July 9, 2014
AFTER A LONG day at Geauga Lake (Aurora, Ohio), my cousins and I headed over to our neighbors' house. I was about 8, but they were teenagers and wanted to spend time with my better-than-average-looking neighbor. It was about 10 o'clock when we came home to my mom and grandmother freaking out, terrified that something had happened to us. We came inside and my mom told me a story I had never heard before - she told me about my Aunt Sandy, and how she had run away when she was young and we never found her. After that day, I recall talking about Sandy and the entire situation much more often.
NEWS
July 8, 2014 | BY VINNY VELLA, Daily News Staff Writer vellav@phillynews.com, 215-854-2513
THE RESIDENTS and neighbors of one Northern Liberties apartment complex have spent two years seeking refuge from refuse. They say the trash bins in the parking lot of Liberties Walk at Schmidt's - the little sister to the Piazza, on the opposite side of 2nd Street near George - are constantly overflowing with waste, including food scraps from the restaurants housed in the complex's first floor. The excess rubbish attracts rats, blows onto the street and into neighboring properties, and literally causes a stink, especially during the warmer months, according to Matt Ruben, president of the Northern Liberties Neighbors Association.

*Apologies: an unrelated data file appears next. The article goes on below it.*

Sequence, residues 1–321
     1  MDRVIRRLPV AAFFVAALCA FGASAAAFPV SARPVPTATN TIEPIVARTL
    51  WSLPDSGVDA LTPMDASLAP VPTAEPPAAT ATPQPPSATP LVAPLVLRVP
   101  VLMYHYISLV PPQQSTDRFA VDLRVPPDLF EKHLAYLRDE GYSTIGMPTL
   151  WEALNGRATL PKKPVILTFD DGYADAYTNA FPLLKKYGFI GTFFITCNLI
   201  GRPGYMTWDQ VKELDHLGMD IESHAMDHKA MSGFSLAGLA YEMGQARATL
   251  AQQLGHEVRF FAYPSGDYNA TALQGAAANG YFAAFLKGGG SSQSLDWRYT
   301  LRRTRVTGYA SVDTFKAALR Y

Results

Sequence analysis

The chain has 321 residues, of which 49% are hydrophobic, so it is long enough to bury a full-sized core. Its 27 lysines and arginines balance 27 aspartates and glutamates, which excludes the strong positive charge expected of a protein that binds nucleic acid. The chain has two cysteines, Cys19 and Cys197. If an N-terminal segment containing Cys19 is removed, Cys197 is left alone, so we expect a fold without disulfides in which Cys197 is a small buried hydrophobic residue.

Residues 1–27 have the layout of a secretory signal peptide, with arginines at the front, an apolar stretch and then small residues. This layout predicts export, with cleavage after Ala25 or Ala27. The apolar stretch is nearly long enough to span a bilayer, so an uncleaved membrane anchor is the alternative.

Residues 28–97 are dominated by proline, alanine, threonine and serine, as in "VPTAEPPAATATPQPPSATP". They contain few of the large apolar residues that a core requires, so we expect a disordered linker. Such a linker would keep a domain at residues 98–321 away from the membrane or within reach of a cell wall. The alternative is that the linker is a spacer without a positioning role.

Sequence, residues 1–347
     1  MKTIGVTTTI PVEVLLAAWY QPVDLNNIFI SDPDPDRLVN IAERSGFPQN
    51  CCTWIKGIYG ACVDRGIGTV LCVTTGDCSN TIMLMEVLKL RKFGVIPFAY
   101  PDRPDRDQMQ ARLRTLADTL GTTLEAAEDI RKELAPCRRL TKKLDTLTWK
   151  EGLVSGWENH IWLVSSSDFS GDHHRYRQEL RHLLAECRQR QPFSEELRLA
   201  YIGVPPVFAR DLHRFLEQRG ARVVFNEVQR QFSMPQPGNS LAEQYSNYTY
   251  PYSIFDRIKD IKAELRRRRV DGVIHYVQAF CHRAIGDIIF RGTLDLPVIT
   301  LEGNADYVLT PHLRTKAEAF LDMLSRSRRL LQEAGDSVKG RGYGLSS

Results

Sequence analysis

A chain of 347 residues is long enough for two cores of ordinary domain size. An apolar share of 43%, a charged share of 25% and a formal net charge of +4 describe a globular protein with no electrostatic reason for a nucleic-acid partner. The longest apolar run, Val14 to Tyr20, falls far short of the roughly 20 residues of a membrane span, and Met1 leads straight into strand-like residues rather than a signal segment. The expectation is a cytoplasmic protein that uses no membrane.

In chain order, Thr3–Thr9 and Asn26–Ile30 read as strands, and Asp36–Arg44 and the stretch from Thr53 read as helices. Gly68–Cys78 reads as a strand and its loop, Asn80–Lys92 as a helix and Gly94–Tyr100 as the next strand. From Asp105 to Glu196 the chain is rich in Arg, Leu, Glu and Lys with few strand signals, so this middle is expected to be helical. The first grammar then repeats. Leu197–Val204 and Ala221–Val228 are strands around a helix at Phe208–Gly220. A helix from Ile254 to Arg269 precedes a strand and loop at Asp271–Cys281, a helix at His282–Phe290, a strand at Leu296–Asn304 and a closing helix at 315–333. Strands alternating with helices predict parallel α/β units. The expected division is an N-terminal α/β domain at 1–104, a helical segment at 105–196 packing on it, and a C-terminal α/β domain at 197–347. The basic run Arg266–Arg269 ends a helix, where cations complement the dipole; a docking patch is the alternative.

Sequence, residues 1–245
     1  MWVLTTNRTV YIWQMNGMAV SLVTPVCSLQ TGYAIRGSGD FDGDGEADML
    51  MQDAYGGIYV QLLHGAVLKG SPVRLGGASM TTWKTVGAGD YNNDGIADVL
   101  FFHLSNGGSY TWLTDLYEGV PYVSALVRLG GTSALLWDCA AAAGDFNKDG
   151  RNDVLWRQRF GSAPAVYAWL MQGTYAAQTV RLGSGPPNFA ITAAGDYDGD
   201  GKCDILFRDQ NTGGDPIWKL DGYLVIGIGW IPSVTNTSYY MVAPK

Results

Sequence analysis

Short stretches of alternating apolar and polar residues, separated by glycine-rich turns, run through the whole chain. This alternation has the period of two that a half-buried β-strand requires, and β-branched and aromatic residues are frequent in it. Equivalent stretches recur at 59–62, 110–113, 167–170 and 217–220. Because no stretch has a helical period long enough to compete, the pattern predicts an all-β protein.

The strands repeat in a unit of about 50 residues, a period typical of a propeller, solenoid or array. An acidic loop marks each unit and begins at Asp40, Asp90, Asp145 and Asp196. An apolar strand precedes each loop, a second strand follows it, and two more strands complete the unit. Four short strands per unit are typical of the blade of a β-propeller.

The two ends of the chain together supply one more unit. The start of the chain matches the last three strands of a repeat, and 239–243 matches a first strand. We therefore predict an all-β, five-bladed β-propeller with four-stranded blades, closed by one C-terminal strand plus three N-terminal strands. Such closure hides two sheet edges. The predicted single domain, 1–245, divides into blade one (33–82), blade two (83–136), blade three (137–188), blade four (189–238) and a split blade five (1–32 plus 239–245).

NEWS
July 3, 2014 | BY DAN GERINGER, Daily News Staff Writer geringd@phillynews.com, 215-854-5961
POLICE OFFICER Robert McKoy steered his unmarked patrol car down Clearfield Street near 20th in North Philadelphia and spotted the guy he'd arrested recently for illegally dumping hundreds of tires and tons of broken concrete on the block. The guy, who is awaiting his court date, was sitting in a blue pickup truck at the scene of the crime, staring out the windshield at his former dumping ground. "A big, red truck was his workhorse," McKoy said. "We took his work horse and his front-end loader, too. We put this guy out of business.
NEWS
May 15, 2014 | By Karen Heller, Inquirer Columnist
Every now and then a story comes along that trashes conventional wisdom. Celia Pretter organized a cleanup of her Mount Airy block, rented a U-Haul truck to haul the debris, and drove it last week to the city's Northwest Sanitation Convenience Center. She was turned away for using a commercial vehicle, which she had rented solely for that purpose. Irate, Pretter watched multiple pickup trucks unload what appeared to be commercial debris. Last week, I wrote a column lamenting the situation.
NEWS
May 14, 2014
Campaign litter I wonder if congressional candidate Brendan F. Boyle would let me know where he lives so that, on my next trash day, instead of leaving my trash at the curb to be picked up, I can spread it around his neighborhood for all to see. If he doesn't think this is a good idea, why is he leaving his trash - that is, political signs - all over my neighborhood? It's trash and an eyesore, and I expect better from anyone seeking my vote. Ken Myers, Lafayette Hill Disclosure salute Responding to a letter from a group of retired Pennsylvania judges, only 11 of 47 congressional candidates in the Pennsylvania Primary committed to support federal legislation that would require full, complete, and immediate disclosure of all contributions exceeding $10,000.